When you work on a project in Illustrator that has multiple pages, whether it's a brochure, a document that contains multiple versions of a poster, or something else, you'll need to add artboards. In this practice file which you can open if you want to follow along, you'll learn how to enter Artboard Editing mode, create a new artboard with the Artboard tool, then set a few options for artboards, like changing their names. With this practice file open, so you can see everything, choose View, Fit All in Window. Then, so you can see more of the gray area to the right of the artboards because you're going to draw an artboard out there, you'll zoom out. Choose View, Zoom Out a few times. The artwork you see on the left is in the gray canvas area. Canvas area is outside the area that's printed and exported, so it's a great place to put content you may need later. You'll create a new artboard for that content, so that it can be printed or saved as a PDF, for instance. To make sure that nothing is selected, choose Select, Deselect. Now to create artboards, first click Edit Artboards in the Properties panel to the right of the document. This initiates Artboard Editing mode and selects the Artboard tool in the Tools panel on the left. The Artboard tool is used to both create and edit artboards. Another way to enter this Artboard Editing mode is to simply select the Artboard tool. Now, to create a new artboard, click and drag to the far right of the artboards. Notice the Grey Measurement label showing the Width and Height as you draw. When it's about this size, release the mouse button. Once it's created, it's selected. You can tell because it's got this dotted line and handles surrounding it. Now, to resize the artboard, you can drag any corner or an edge of the artboard. You can also create artboards of a specific size, maybe to design a printed poster or an app for a specific device size. With this artboard still selected, make sure it's far enough away from the artboards to the left of it. If you need to drag it over, so it looks like this. In the Properties panel to the right of the document, you can enter custom Width and Height values here for the artboard. But you can also choose preset sizes. Click the Preset menu to reveal preset artboard sizes you can choose from. Choose Letter to transform the artboard you drew into a letter sized artboard. You can also change the orientation of the artboard to Portrait or Landscape. Make sure that Portrait is selected. Now to better keep track of your different artboards when you have a lot of them, you can name them something that makes sense to you. Select the Name in the Properties panel, and type, 'Flyer'. And press Return or Enter to accept the name. Now, to move the artboard next to the orange postcard, drag in the center of the artboard. You can move your artboards where they make sense to you. Now you'll move this content on the left onto the new artboard so that it can be printed. To stop editing artboards, click Exit at the top of the Properties panel. Another way to exit Artboard Editing mode is to select another tool in the Tools panel. Now by default, after exiting Artboard Editing mode, the Selection tool should be selected in the Tools panel. Drag this green rectangle into the upper left corner of the new artboard. To resize it so it stretches across the artboard, drag the lower right corner of the rectangle to make it bigger, snapping the corner into the lower right corner of the artboard. Then drag this logo content over here. roughly into the center of the artboard as well. In Illustrator, adding artboards of different sizes, orientations, and more to your documents makes it simpler and faster to create and edit all kinds of multi-page projects: from a brochure to a document with several versions of signage, an app or a poster even.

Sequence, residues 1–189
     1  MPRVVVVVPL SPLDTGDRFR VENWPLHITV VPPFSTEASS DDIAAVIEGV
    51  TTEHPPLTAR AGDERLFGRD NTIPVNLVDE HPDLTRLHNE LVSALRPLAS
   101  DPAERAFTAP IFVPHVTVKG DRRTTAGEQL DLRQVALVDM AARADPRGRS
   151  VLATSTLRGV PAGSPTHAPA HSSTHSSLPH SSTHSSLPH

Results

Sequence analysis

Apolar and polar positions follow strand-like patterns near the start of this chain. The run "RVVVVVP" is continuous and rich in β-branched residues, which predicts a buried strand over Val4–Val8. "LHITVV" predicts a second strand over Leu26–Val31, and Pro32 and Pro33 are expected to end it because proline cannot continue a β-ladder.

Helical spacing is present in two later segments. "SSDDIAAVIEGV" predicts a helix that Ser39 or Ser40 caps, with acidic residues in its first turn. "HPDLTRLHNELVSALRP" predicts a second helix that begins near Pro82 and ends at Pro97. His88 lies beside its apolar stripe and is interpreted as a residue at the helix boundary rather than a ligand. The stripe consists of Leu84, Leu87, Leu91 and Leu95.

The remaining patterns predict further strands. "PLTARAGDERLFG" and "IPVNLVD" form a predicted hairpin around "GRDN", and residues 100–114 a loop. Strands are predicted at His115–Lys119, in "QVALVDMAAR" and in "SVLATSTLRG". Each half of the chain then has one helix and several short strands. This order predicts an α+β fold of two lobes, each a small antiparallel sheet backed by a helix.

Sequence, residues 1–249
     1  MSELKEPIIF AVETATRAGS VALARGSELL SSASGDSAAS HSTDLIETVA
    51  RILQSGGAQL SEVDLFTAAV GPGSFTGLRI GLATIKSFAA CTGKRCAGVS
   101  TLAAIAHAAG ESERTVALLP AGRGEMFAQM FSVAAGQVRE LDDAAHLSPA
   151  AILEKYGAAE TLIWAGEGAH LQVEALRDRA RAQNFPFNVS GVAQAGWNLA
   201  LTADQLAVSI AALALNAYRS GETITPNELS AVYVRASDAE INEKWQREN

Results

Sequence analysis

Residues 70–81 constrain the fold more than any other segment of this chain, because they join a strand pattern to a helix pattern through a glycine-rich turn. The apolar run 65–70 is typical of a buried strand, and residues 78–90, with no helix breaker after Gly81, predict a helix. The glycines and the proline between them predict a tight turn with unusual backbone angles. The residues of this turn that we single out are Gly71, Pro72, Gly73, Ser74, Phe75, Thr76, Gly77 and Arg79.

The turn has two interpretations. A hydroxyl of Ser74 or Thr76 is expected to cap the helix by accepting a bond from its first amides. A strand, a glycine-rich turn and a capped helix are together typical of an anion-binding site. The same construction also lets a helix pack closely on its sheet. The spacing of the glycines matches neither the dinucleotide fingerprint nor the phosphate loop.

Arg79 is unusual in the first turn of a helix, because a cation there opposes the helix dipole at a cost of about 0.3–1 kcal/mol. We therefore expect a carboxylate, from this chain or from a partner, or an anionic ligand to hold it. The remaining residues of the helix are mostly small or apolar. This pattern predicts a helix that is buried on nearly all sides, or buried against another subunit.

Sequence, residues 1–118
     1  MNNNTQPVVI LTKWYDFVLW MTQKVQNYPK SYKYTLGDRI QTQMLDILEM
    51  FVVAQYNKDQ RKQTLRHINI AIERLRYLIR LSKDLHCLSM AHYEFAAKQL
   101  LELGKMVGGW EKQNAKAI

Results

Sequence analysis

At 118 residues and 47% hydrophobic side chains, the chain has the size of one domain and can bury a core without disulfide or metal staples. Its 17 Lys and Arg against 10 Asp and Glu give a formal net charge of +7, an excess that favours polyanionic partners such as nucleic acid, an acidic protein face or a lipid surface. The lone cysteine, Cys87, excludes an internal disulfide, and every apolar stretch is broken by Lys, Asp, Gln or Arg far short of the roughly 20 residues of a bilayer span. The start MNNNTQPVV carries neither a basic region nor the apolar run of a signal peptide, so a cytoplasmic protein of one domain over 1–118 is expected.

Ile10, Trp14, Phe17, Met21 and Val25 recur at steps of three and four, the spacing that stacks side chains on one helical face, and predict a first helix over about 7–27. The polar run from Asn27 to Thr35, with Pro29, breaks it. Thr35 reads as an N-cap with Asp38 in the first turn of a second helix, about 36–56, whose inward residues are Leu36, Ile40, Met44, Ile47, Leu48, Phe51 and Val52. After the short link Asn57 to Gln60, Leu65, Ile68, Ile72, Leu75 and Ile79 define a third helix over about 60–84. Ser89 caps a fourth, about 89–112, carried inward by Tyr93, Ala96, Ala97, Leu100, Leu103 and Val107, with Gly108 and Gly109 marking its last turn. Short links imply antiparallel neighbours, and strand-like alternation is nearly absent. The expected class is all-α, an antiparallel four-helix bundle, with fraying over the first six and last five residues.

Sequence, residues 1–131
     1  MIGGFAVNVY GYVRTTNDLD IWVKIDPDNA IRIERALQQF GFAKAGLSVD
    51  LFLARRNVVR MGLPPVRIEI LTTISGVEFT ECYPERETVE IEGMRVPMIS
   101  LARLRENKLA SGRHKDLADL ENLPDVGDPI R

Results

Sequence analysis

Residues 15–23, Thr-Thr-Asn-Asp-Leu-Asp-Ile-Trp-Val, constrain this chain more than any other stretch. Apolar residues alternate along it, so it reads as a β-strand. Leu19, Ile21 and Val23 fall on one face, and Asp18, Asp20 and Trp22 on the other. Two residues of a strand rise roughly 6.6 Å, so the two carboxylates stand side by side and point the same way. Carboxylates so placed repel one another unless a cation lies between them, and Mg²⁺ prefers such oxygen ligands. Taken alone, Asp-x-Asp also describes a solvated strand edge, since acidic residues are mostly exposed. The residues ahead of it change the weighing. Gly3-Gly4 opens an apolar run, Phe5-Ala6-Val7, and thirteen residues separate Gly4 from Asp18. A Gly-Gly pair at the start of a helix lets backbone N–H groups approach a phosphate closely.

What you learned: Add an artboard
- Select the Artboard tool in the Tools panel. Drag to create an artboard. Choose an artboard preset from the Properties panel to the right of the document to resize the new artboard. Drag the artboard to position it.